Mauna Kea Beach Hotel reaches deal with union
The deal covers what will happen to the 450 workers while the resort is closed
The owners of the Mauna Kea Beach Hotel have reached a tentative agreement with ILWU Local 142 on the procedures for some 450 employees being laid off early next year as the hotel repairs damage sustained during the Oct. 15 earthquakes.
Details of the agreement were not disclosed. Employees will vote on the agreement Wednesday in the Garden Room of the Mauna Kea Beach Hotel.
However, the union said yesterday that the agreement does include recall procedures for when the hotel reopens.
The Mauna Kea golf course and club house will remain open during the renovations.
Prince Resorts Hawaii, announced Dec. 1 that it would close the hotel to make structural repairs. The earthquakes created a safety hazard by damaging the lateral bracing system in sections of the roof.
While other hotels on the Big Island had relatively minor damage, the Mauna Kea is the only resort that sustained extensive enough damage to force a shutdown during renovations.
"This is an 'Act of God' situation that we have no control over. Nonetheless we regret the hardship it is causing our employees and the inconvenience to our guests," said Donn Takahashi, president of Prince Resorts. "Our initial assessment is that it will take many months to repair and restore Mauna Kea Beach Hotel to its original luster and prominence."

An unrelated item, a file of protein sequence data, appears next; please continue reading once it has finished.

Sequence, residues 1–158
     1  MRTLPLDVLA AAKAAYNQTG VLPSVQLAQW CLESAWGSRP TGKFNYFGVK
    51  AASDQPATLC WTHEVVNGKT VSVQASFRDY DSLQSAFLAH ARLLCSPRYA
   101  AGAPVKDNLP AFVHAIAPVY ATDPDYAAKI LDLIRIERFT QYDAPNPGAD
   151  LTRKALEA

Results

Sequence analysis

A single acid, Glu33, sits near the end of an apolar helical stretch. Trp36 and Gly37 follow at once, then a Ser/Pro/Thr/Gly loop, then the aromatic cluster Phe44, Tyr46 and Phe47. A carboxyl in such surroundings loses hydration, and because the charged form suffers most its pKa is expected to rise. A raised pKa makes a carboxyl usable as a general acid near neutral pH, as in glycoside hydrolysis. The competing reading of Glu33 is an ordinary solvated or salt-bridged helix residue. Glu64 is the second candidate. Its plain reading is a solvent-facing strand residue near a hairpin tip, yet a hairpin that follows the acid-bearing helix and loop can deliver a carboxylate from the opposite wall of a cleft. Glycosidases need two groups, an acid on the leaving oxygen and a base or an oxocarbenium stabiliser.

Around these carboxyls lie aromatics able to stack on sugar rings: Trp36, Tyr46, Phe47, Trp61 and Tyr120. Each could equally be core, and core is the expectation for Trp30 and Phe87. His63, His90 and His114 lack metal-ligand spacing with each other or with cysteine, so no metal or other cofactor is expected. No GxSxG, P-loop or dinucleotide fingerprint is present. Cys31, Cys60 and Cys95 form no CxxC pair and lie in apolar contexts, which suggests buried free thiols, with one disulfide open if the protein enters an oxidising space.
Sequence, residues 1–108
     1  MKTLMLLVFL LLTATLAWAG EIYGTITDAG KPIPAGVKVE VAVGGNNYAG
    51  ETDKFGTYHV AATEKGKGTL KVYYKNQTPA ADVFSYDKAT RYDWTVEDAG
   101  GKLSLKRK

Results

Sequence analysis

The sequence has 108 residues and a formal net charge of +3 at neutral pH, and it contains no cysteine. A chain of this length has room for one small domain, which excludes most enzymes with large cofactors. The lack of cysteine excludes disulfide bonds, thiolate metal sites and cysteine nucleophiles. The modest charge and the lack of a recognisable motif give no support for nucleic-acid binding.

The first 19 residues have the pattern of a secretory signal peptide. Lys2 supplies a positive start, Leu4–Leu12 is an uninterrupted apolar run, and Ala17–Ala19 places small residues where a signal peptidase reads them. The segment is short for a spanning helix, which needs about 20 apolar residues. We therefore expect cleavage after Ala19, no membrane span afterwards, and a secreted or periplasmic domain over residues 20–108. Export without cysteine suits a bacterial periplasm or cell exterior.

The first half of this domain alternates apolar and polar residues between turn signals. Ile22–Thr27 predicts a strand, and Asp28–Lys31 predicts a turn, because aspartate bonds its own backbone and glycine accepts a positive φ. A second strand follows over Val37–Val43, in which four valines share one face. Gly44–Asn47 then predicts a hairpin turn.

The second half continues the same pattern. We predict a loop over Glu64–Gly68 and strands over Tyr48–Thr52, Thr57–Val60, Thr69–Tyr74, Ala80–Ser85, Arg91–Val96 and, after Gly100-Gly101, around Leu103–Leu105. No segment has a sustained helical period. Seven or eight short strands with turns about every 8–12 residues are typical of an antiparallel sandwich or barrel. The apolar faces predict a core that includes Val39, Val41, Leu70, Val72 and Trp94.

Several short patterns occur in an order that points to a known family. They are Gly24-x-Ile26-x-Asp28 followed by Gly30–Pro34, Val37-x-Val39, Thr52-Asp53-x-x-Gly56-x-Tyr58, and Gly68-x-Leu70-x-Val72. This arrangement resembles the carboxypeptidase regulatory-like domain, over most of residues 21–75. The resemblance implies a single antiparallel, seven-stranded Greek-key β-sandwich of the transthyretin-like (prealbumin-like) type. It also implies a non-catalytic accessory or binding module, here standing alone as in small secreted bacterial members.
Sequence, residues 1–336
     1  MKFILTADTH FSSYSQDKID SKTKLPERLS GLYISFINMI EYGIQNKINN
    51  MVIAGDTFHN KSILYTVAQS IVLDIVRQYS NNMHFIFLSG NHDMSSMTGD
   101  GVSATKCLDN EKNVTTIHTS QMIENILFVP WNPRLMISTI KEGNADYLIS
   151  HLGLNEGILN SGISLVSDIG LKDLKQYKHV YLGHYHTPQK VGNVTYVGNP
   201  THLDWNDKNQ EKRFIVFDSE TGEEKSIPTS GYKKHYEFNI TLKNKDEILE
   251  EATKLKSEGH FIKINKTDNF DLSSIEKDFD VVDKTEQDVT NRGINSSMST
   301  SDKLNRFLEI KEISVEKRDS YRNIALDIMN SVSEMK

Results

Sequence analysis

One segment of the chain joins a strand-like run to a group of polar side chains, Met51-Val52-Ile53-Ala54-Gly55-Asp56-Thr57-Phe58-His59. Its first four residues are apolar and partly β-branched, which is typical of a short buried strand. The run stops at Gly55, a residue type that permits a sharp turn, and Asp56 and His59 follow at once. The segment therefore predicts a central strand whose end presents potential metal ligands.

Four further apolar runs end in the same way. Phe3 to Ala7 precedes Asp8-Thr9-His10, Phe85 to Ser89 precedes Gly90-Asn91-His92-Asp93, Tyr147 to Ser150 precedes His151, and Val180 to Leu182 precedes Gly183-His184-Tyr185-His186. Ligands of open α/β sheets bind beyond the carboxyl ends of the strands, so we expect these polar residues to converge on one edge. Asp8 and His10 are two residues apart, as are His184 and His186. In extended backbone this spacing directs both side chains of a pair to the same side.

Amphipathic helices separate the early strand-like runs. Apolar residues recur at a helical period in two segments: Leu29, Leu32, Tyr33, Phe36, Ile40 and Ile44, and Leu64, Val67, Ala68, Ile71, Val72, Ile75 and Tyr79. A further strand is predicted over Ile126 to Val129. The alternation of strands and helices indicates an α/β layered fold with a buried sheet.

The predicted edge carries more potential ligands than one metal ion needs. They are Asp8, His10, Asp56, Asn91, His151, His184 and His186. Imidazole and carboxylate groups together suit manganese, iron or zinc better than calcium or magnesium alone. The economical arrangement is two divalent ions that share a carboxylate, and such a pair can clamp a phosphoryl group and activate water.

Prince Resorts owns not only the 310-room Mauna Kea Beach, which was developed by Laurance S. Rockefeller and opened in 1965, but also the neighboring Hapuna Beach Prince Resort on the Big Island. It also owns the Maui Prince Hotel and Hawaii Prince Hotel Waikiki.
About 60 employees are being offered positions at the Hapuna Beach. Some of the hotel's 450-plus workers will remain employed at Mauna Kea Golf Course, pro shop and club house, 19th Hole Restaurant, Hau Tree Restaurant, Gazebo Bar, and at the hotel's weekly luau and clambake.
The hotel and the ILWU have organized a job fair at Hapuna Beach Prince Hotel tomorrow and Saturday to help displaced employees find other employment.
About 15 Big Island hotel and other companies, some so badly in need of workers that they have brought in workers from the Philippines, have signed up to participate.